But yes, we’re the Silicon Prairie. We do have a burgeoning tech sector that is helping support the work that is going on at STRATCOM and at the base at Offutt Air Force Base.

We’re very proud of what we’ve got here in Nebraska, and clearly, we need to do a little bit better job of communicating that.

We want to welcome you to the 2019 Deterrence Symposium here, to be able to talk about these important issues around deterrence.

Now, I gave you a little bit of history about Nebraska and our company going back to 1975 and talking about 800 telephone lines. Back then that was kind of a radical model for the brokerage industry. It’s something that we don’t even think about today, using an 800 number to be able to do business. Technology is so far past that.

Or, if you want to use a different industry, think about the music industry. Back when I was in college there was a transition from vinyl to CDs, and bands made their money by going out and on tour to promote their CD and CD sales. Today that business model has slipped. Does anybody even buy CDs anymore? You’re streaming it through the internet. And let me tell you, bands make no money on that. They make their money now by going out on tour. So what used to be a promotion to sell the CDs has now become the main way most music artists make their money, by going on tour.

The reason I highlight things like what happened in Ameritrade and how we started off with an 800 business and now do almost all of our business on the internet, or how the music industry’s changed, it really demonstrates the world changes. And it changes for deterrence.

We can all remember back when it was a bipolar world. You had the Soviet Union and you had the Western Bloc. And nuclear deterrence was primarily deterrence. But as we all know, just like in our everyday lives how we consume music or financial services has changed, so has the way deterrence has changed. We have to think about things such as space and cyberspace and a multi-polar world which the admiral mentioned. And the world always changes. That’s why it’s really incumbent upon those of us who want to see continued peace and prosperity in the world, to think about deterrence changing as well. Why you’re all here. Why you’ve done this for ten years. To focus on how do we have to evolve in a changing world so we can continue to deter the people who may want to disturb the peace.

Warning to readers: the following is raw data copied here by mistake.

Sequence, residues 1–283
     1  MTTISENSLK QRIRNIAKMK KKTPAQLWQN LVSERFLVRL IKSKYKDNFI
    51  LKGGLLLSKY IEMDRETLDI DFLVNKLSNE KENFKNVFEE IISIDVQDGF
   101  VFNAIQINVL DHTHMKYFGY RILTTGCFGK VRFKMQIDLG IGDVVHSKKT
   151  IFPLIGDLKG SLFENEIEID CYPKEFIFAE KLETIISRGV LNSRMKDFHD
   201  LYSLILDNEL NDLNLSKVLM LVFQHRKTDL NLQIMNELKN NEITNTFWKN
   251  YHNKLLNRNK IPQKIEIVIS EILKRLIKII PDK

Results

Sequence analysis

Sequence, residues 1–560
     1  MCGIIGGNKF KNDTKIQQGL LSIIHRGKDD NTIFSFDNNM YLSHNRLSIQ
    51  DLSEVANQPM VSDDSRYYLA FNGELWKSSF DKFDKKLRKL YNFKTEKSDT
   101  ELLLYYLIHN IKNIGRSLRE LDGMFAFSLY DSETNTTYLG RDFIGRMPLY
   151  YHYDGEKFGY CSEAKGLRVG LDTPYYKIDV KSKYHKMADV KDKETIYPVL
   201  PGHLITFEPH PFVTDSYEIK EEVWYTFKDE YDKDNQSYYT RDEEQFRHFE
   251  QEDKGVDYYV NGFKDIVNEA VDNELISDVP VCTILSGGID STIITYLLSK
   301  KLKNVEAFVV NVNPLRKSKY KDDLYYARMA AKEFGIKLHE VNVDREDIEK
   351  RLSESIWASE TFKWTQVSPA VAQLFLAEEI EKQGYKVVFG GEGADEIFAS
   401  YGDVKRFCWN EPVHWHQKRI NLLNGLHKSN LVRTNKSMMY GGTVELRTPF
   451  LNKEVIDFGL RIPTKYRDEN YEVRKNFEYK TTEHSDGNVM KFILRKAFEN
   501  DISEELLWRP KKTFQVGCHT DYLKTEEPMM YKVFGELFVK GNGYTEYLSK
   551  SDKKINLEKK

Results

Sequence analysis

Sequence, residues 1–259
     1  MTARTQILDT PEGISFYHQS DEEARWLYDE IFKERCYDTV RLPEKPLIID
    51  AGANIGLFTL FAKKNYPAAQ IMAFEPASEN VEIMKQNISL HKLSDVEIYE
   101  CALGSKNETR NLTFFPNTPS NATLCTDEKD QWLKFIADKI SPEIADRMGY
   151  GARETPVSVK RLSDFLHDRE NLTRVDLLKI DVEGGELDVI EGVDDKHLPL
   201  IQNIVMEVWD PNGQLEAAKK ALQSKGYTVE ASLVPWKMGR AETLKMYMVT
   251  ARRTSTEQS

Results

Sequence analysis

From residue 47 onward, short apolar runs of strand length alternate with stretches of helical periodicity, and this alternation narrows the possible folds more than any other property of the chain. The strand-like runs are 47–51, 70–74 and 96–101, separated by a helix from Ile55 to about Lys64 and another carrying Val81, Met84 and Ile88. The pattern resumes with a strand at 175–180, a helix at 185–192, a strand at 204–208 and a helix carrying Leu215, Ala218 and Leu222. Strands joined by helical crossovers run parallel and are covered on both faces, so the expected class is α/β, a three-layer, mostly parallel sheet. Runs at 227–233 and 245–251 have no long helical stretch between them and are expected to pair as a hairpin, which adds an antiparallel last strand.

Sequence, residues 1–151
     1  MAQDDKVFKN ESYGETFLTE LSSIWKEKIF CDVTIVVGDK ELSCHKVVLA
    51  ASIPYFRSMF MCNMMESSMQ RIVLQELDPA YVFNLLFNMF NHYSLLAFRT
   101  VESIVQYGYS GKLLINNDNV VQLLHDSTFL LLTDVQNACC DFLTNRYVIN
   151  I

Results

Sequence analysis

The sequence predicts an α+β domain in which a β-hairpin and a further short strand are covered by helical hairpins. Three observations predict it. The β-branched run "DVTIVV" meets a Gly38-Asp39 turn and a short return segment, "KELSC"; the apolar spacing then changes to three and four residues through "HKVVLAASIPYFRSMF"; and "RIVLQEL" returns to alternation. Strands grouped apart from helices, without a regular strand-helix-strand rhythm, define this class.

If we think about, for example, China and Russia are developing anti-satellite capabilities. China thinks that the United States’ Achilles Heel is our reliance on space. Well how do we make sure that we are deterring them from whatever they may want to do? We know that, for example, President Xi has said that he wants to be advanced in key industries by 2025. They started a 10-year plan in 2015 to do that. And he made some comments about becoming a modern socialist country with peace and harmony and all that sort of thing by 2049. But what he really means is he wants to be a global superpower by 2049.

That is part of how the world changes and how we all have to think about working together to create a changing deterrence environment so that we can respond to that and continue to have a world of peace and prosperity.

Our deterrence posture has helped keep the peace primarily -- we haven’t had a global war since World War II, and we all want to keep it that way. So it’s up to us to continue to think about how we change to make sure that we’re deterring those nations who may want to disturb that peace. E That’s up to us.

So, thank you all very much for being here today, to talk and exchange these ideas about this very important subject, how technology and social changes and the economics all are going to impact how we have our posture for deterrence in the future. It’s important work.

So, we appreciate everything you’re doing. Thank you again for coming to Nebraska. We’re grateful to have you here. I don’t know how much time you’ll have to be able to enjoy what we’ve got to offer, but I hope you get a chance at least to be able to see some of the things maybe in the Old Market, downtown Omaha. But if not, put us on your list to come back and visit us again. We would love to have you here and be able to show off more of what our great state has to offer.

Again, thank you, and I wish you the best on the rest of your symposium.